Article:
Celebs reveal what being inside the protests is really like

Following a disturbing viral video, people have taken to the streets to demand justice for George Floyd, the black man who died in police custody in Minneapolis on Memorial Day 2020. Though Hollywood stands nearly 2,000 miles away from the Twin Cities, celebrities have sprung into action to show their support for the Black Lives Matter movement. Beyonce posted a powerful video message urging her over 100 million followers to sign one of four petitions. Billie Eilish blasted the concept of "aLL liVeS maTtEr" in a blistering Instagram post where she called for those who repeat the phrase to "shut the f**k [up]." Chrissy Teigen pledged to donate $200,000 to bail out protesters, Jimmy Kimmel called out President Donald Trump, and even Taylor Swift, who's notoriously tight-lipped about politics, slammed the POTUS for "stoking the fires of white supremacy and racism [his] entire presidency." At the time of this writing, the tweet has become her most-liked, according to Elle.

Though these celebrities are undeniably using their massive platforms to rally against racism and police brutality, an increasing number of stars have actually shown up on the ground to stand in solidarity with their fellow Americans. According to The New York Times, the widespread demonstrations are "increasingly giving way to violence and chaos" and there have been a number of injuries and casualties as cities instill strict curfews and send in the National Guard. Here's what the protests are really like, according to celebrities who were in the thick of it.

Nick Cannon went to Minneapolis

Nick Cannon didn't protest at home. The Masked Singer host wanted to go to the source, where former Minneapolis police officer Derek Chauvin knelt on George Floyd's neck for over eight minutes, nearly three of which he was unresponsive, according to CNN. Cannon explained his choice to join the Twin City protest in an op-ed for Variety"I needed to see the people in that community — how much love they had for their community and their people and how much pain this has caused," he wrote. "We feel the pain go across the world — the anger and the hurt. Those visuals will never be removed from our minds."

Once on the ground, the rapper revealed he saw "a lot of pain and disappointment" in Minneapolis law enforcement. At the intersection of 38th and Chicago, the site of the incident, Cannon said people were crying at the memorial. "... It was disappointment more than anything," he wrote. "They didn't think something like this would happen in Minneapolis. But it did."

Cannon also shared some photos from the protests: one of him standing in the midst of a crowd holding a sign reading "Justice for George Floyd" and another of him standing in front of the National Guard, displaying the way the protests have become partially militarized. His sweatshirt bore the phrase "Please I Can't Breathe," a rallying cry for the black lives lost at the hands of the police.

Halsey gave out first aid in Santa Monica

Halsey donated to various charities supporting the Black Lives Matter movement, but she also put her money where her mouth was and went to the front lines of the protests, bringing medical supplies to one in Santa Monica. Unfortunately, it looks like things quickly became chaotic. In an Instagram story, captured by a fan on Twitter, the singer posted a shocking photo of a large bruise on her hip, which she sustained after being shot with rubber bullets. In a Twitter post, she urged her followers to take rubber bullets seriously. "Do not underplay these rubber bullets [because] you have been told they are 'not lethal,'" she wrote. "I had to bandage a man who looked like his entire face had exploded today. So before you say, from the comfort of your home, that we're exaggerating, please consider the injuries some have suffered."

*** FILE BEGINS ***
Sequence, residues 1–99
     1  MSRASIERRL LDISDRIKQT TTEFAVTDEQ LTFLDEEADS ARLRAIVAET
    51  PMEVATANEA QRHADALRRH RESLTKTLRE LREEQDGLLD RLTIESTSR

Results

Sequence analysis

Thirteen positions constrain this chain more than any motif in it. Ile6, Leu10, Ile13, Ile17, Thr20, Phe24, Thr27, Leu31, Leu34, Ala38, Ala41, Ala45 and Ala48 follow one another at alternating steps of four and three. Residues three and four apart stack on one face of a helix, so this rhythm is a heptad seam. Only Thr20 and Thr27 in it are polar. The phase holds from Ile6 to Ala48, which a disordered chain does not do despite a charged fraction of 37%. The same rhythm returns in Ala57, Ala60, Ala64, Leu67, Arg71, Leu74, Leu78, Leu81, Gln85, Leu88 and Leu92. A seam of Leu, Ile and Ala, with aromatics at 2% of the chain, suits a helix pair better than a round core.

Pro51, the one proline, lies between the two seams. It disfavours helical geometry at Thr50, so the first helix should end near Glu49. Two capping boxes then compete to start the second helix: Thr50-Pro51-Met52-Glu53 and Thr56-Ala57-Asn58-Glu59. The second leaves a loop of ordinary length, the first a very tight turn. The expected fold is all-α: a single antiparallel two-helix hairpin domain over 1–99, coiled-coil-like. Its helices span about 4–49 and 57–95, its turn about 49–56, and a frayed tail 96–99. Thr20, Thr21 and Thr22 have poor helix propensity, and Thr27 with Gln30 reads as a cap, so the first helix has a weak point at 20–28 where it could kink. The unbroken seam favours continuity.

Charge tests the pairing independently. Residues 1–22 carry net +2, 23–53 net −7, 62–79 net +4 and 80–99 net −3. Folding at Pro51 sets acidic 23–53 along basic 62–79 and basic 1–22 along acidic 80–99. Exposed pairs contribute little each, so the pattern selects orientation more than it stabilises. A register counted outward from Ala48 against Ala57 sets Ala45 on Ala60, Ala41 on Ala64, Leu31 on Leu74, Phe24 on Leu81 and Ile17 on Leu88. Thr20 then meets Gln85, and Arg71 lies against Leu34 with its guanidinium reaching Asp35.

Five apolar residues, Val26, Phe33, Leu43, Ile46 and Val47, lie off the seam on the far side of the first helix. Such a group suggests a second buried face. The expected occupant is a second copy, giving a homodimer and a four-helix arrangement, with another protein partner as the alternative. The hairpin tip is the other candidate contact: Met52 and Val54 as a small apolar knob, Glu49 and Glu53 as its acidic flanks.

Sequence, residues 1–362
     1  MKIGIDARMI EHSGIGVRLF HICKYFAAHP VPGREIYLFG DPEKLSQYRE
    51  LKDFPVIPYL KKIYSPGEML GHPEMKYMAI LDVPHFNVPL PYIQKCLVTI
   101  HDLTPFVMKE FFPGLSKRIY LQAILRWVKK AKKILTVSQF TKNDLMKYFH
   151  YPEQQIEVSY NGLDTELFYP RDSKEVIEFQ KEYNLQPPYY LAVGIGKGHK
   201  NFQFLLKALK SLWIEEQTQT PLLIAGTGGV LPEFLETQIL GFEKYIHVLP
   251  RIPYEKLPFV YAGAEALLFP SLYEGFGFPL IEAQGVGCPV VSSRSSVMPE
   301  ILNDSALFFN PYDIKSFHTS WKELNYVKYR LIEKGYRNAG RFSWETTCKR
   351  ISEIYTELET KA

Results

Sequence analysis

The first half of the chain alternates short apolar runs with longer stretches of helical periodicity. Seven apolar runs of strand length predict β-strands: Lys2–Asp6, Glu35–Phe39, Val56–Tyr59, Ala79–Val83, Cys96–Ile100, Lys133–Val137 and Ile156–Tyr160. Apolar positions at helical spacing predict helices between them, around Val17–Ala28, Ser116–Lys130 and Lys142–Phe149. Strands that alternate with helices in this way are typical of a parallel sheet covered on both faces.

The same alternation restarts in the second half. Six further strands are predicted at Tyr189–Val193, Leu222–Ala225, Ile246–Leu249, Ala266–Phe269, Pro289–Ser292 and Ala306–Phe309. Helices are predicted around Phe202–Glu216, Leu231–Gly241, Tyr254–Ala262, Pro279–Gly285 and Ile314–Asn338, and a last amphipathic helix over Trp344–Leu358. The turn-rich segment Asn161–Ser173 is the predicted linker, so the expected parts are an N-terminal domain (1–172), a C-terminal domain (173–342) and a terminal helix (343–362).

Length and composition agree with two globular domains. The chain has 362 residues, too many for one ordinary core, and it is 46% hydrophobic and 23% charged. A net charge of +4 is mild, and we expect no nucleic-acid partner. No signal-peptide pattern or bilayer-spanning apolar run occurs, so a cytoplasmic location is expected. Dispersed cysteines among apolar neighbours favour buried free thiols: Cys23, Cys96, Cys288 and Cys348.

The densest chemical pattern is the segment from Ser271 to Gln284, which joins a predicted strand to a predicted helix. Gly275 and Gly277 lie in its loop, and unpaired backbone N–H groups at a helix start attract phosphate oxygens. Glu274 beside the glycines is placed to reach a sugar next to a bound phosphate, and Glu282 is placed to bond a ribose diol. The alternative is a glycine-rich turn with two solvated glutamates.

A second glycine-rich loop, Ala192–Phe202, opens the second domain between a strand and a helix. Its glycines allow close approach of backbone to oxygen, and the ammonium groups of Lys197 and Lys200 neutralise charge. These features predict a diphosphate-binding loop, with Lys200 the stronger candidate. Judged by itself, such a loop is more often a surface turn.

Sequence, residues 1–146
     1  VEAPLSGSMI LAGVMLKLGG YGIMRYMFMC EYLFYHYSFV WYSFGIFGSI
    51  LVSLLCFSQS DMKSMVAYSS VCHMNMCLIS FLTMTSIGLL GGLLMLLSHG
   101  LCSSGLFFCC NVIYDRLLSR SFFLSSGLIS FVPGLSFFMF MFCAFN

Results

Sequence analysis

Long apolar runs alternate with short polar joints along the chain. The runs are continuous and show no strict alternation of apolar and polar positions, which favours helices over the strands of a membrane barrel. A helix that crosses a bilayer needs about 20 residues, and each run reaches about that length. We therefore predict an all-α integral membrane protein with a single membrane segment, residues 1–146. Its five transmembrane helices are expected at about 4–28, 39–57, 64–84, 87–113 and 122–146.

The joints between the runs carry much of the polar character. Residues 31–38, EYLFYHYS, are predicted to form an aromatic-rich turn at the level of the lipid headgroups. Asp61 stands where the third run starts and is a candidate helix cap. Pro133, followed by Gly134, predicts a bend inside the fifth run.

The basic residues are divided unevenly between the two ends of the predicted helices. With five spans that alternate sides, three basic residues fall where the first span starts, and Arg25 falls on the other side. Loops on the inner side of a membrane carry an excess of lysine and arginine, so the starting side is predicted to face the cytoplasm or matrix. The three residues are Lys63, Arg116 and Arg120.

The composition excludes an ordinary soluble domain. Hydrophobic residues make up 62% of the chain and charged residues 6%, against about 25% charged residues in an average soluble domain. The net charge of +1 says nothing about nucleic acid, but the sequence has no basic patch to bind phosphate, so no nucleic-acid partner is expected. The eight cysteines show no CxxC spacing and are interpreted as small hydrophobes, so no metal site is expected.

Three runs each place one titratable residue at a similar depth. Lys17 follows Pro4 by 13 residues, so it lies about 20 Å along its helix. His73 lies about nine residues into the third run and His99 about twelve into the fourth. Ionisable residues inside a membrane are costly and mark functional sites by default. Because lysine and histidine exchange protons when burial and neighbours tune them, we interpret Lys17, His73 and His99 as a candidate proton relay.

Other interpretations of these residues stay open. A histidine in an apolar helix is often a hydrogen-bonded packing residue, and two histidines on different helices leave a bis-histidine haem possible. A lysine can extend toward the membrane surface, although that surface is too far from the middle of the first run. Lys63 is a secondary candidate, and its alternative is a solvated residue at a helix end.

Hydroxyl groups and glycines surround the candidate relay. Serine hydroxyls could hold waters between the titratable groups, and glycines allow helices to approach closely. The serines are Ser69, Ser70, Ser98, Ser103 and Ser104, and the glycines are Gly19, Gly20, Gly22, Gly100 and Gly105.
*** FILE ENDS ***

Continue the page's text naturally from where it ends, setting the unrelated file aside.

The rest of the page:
The day prior, the Badlands singer explained that the violence seemingly erupted out of nowhere. In a tweet, she wrote that "the frontline was calm," and they didn't provoke officers, but many of her fellow protesters were "shot, gassed [and] antagonized." She also tried her best to get people to safety who were immigrants and in the United States on visas. This may have pointed to her ex-boyfriend Yungblud, a British singer who also attended the rally.

Yungblood helped drag people to safety

According to Us Weekly, Yungblud — the British singer born Dominic Richard Harrison — reunited with his ex-girlfriend Halsey at the Santa Monica protests amidst rumors of her split from Evan Peters, with the Badlands singer revealing her former flame was quite heroic when things took a violent turn. In a tweet, Halsey said he "literally ran exposed in front of rounds being shot to drag wounded people to safety without even thinking twice."

Yungblud seemed to share the same admiration, claiming Halsey was "incredible," "brave," and "inspirational" when she acted "fearlessly and selflessly." "When innocent people were unlawfully wounded, [you] were there with a medical kid bandaging them up," he wrote. "You didn't think about yourself for one moment. I am proud to [know] you."

Harrison also used Twitter to share his perspective on the protests. He posted a video that seemingly captured a moment where the police fired shots, presumably of rubber bullets, as protesters ran. "They will fight with violence, we will fight with our words, unity and peace. And we will win," he wrote.

John Cusack got a baton to the bike in Chicago

It looks like John Cusack traded his Say Anything boombox for a protest sign and joined the George Floyd protests in Chicago. Things ended up taking a violent turn, with Cusack claiming he was attacked by the police. In a tweet — with an accompanying video — the actor claimed, "Cops didn't like me filming the burning car so they came at me with batons. Hitting my bike."